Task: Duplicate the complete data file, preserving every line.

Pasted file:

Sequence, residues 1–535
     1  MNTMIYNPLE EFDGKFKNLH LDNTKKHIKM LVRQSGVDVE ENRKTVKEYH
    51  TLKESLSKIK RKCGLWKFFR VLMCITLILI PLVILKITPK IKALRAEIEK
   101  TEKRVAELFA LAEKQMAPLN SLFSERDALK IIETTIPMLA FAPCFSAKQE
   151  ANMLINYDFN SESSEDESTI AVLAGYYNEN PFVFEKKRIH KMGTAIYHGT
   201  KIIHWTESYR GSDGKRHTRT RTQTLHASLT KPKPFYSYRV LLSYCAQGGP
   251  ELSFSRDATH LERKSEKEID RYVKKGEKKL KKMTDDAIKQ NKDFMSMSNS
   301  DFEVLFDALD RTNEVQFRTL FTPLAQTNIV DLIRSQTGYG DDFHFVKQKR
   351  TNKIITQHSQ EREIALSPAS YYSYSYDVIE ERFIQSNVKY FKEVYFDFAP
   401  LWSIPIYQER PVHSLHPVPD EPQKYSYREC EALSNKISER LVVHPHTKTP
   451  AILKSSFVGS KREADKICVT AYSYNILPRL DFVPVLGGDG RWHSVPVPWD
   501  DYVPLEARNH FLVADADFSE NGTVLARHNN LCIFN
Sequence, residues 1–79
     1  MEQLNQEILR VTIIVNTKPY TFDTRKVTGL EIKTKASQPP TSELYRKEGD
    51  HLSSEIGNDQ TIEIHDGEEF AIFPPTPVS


Sequence, residues 1–535
     1  MNTMIYNPLE EFDGKFKNLH LDNTKKHIKM LVRQSGVDVE ENRKTVKEYH
    51  TLKESLSKIK RKCGLWKFFR VLMCITLILI PLVILKITPK IKALRAEIEK
   101  TEKRVAELFA LAEKQMAPLN SLFSERDALK IIETTIPMLA FAPCFSAKQE
   151  ANMLINYDFN SESSEDESTI AVLAGYYNEN PFVFEKKRIH KMGTAIYHGT
   201  KIIHWTESYR GSDGKRHTRT RTQTLHASLT KPKPFYSYRV LLSYCAQGGP
   251  ELSFSRDATH LERKSEKEID RYVKKGEKKL KKMTDDAIKQ NKDFMSMSNS
   301  DFEVLFDALD RTNEVQFRTL FTPLAQTNIV DLIRSQTGYG DDFHFVKQKR
   351  TNKIITQHSQ EREIALSPAS YYSYSYDVIE ERFIQSNVKY FKEVYFDFAP
   401  LWSIPIYQER PVHSLHPVPD EPQKYSYREC EALSNKISER LVVHPHTKTP
   451  AILKSSFVGS KREADKICVT AYSYNILPRL DFVPVLGGDG RWHSVPVPWD
   501  DYVPLEARNH FLVADADFSE NGTVLARHNN LCIFN
Sequence, residues 1–79
     1  MEQLNQEILR VTIIVNTKPY TFDTRKVTGL EIKTKASQPP TSELYRKEGD
    51  HLSSEIGNDQ TIEIHDGEEF AIFPPTPVS